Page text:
Executives

 

Executives

Getting to Know You: Rules of Engagement for Political Appointees and Career Executives

Friday, December 31st, 2004 - 20:00
Ferrara and Ross dispel common myths held by political appointees about careerists and by careerists about political appointees. One such myth about careerists suggests that they are loyal to the previous administration. A myth about political appointees implies that they care only about ideology and not about organizational stewardship. The report sets forth constructive "rules of engagement" that political and career executives can use to form partnerships in achieving the administration’s program and policy objectives.

Becoming an Effective Political Executive: 7 Lessons from Experienced Appointees.

Friday, December 31st, 2004 - 20:00
Author(s): 
This report was prepared to assist new political appointees as they enter the political world of Washington, D.C. The study is based on two surveys of previous political appointees, as well as personal interviews with nearly 50 former political executives from both Democratic and Republican administrations. Their experiences have been distilled into seven key lessons: turn to your careerists, partner with your political colleagues, remember the White house, collaborate with Congress, think media, pace yourself, and enjoy the job.

Performance Management for Political Executives: A 'Start Where You Are, Use What You Have' Guide

Thursday, September 30th, 2004 - 20:00
Author(s): 
Wye describes how political executives can overcome common problems in the design, alignment, use, and communication of performance measures and information. The report links performance-based management to the higher calling of public service and provides a meaningful rationale as to why political executives should care about performance-based management. In the past, political appointees have traditionally focused primarily on the political agenda, without much attention given to management responsibilities.

Leadership for Change: Case Studies in American Local Government

Monday, January 1st, 2001 - 14:00
This report profiles three outstanding local government executives – Robert O’Neill, Jan Perkins, and Phil Penland -- who have served in various local governments over the years. The study profiles the change activities of these city/county managers as they have sought to transfer a set of values and a methodology for leading change into a new setting. Case studies are developed on the change activities of each of these managers, drawing out lessons from their experiences that might suggest a model of leading change in American local governments. Leadership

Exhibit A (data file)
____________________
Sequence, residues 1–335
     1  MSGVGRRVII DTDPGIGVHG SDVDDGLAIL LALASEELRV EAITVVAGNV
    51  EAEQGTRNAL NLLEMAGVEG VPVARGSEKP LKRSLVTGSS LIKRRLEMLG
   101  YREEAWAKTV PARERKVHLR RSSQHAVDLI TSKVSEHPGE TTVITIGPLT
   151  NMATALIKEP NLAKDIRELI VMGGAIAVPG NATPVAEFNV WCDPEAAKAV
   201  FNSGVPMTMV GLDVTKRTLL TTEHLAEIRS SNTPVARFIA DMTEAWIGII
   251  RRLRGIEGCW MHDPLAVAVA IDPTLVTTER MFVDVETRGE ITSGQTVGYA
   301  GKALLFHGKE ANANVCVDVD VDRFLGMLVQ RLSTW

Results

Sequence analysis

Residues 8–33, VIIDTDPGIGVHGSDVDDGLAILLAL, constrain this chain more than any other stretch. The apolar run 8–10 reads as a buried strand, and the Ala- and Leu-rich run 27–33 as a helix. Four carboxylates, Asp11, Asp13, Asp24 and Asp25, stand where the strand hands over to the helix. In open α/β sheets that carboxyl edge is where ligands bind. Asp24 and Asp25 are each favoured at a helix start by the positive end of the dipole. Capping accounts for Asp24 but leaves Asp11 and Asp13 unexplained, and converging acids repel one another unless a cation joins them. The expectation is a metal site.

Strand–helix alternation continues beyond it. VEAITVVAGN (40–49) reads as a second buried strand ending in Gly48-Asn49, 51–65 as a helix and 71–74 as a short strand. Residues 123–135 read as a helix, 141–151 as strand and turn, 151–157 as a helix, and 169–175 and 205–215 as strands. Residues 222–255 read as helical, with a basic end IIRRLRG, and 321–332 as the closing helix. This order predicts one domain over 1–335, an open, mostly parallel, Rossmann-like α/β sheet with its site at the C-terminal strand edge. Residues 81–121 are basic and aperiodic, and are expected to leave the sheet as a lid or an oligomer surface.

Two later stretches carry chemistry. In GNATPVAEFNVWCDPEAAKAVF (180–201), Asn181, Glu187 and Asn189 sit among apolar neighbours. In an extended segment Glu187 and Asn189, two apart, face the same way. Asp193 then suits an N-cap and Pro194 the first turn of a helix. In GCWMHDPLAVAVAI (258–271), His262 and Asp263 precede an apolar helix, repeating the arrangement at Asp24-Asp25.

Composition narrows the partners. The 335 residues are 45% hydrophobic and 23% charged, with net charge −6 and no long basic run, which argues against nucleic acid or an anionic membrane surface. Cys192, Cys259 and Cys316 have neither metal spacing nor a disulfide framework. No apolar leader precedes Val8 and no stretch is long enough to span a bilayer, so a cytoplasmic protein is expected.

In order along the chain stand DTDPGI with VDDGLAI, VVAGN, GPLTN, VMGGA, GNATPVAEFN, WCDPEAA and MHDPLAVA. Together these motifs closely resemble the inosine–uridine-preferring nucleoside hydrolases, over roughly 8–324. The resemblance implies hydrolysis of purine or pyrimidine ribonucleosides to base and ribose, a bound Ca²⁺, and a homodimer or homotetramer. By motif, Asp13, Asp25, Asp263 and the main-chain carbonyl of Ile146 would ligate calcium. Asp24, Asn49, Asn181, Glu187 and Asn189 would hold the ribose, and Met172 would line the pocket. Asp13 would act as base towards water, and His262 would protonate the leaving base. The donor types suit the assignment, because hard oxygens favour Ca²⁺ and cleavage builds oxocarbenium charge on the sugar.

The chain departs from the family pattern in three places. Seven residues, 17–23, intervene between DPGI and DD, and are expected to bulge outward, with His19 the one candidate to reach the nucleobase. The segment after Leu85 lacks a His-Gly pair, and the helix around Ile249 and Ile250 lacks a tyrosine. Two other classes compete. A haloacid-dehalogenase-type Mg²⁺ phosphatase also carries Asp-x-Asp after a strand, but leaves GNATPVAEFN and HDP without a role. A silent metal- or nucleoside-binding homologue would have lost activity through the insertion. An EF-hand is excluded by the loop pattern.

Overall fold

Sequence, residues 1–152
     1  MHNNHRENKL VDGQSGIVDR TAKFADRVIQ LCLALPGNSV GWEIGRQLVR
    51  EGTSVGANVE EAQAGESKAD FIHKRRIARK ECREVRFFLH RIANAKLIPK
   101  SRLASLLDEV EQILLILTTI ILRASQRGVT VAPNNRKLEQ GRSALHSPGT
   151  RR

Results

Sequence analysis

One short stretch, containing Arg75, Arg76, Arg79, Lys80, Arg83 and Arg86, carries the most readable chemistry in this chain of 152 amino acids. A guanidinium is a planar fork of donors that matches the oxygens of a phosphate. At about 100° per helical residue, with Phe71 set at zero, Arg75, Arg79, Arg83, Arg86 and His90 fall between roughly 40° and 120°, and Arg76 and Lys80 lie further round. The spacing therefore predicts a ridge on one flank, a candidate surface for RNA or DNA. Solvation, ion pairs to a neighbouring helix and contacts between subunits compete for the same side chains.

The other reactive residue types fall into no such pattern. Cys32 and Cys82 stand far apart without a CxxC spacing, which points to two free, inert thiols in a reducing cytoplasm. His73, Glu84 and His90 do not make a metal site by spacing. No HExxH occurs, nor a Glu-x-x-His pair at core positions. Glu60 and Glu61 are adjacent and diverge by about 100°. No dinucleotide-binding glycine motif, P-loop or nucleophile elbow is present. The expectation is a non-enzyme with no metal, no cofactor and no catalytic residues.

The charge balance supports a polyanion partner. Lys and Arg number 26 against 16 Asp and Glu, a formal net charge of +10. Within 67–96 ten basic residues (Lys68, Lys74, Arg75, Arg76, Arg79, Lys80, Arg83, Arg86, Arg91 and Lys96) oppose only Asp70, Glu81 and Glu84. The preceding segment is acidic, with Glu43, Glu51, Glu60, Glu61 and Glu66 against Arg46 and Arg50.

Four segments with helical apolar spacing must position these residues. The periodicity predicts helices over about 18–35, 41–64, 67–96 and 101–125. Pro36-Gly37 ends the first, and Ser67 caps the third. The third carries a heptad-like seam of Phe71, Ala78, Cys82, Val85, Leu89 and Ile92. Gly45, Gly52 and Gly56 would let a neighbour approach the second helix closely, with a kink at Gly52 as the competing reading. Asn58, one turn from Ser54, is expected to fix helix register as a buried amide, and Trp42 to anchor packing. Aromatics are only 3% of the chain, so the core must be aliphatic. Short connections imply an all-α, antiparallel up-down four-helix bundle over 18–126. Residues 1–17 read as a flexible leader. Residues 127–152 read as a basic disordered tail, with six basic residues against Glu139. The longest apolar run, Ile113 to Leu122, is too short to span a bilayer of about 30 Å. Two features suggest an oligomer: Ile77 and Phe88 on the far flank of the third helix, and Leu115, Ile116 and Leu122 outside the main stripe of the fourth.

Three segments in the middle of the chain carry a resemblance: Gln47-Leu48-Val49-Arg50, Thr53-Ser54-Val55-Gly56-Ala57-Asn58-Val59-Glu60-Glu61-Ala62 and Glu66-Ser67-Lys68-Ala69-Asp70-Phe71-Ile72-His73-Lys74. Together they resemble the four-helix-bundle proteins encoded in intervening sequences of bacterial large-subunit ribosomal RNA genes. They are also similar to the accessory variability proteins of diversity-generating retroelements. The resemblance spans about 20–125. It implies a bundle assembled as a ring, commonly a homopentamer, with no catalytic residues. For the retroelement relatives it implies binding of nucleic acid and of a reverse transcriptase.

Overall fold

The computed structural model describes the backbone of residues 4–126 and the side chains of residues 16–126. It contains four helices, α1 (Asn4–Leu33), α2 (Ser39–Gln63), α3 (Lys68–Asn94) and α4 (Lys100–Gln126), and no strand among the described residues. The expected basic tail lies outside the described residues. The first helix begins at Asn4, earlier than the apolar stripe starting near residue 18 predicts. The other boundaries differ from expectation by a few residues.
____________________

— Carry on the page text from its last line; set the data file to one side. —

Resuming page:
Using Evaluation to Support Performance Management: A Guide for Federal Executives

Monday, January 1st, 2001 - 14:00
This report documents the ways in which program evaluation is currently being used to support performance management. The authors draw from current practices to derive recommendations for improving the links between program evaluation and performance measurement, and management in the federal government. Managing for Performance and Results

Working with the Congress

Monday, January 1st, 2001 - 14:00
Author(s): 
A part of a larger report, "Becoming an Effective Political Executive: 7 Lessons from Experienced Appointees," the "Working with the Congress" essay describes how political appointees can work with Congress. The essay provides an overview of how Congress functions, how decisions on money and programs are made, appropriators and authorizers, legislators and their constituencies, oversight, and how to get things done.

Working with the Media

Monday, January 1st, 2001 - 14:00
Author(s): 
A part of the larger report, "Becoming an Effective Political Executive: 7 Lessons from Experienced Appointees," the essay "Working with the Media" describes how political appointees can work with the media. The essay covers technique, how to minimize the impact of bad news, offensive and defensive strategies, and how to survive in the government/media culture.

Human Capital 2002

Monday, January 1st, 2001 - 14:00
This book provides eight studies on the "state" of human capital in government today. Carol Chetkovich discusses the challenge of recruiting the best and the brightest to government. Hal G. Rainey describes how four federal agencies are using special authorities to "win the war for talent." Ray Blunt presents two studies on how government can better develop its future leaders. Michael D. Serlin describes the need for increased mobility among federal executives and presents case studies of six leaders who exemplified mobility throughout their careers.

Human Capital 2004

Monday, January 1st, 2001 - 14:00
After explaining the role of human capital management and its inherent challenges, the book is divided into two parts, each presenting compelling case studies. The first part explores the workplace challenges. Here the challenge is that of building a workplace, supported by an effective, streamlined personnel system, that promotes top performance. Case studies analyze the IRS, USAID, USPS, and civil service reform in Texas, Georgia, and Florida. The second challenge to human capital management relates to people. The challenge here is getting the most from people.

Learning The Ropes: Insights for Political Appointees

Monday, January 1st, 2001 - 14:00
This book provides helpful advice to new political appointees on a variety of topics related to the challenge of managing in government.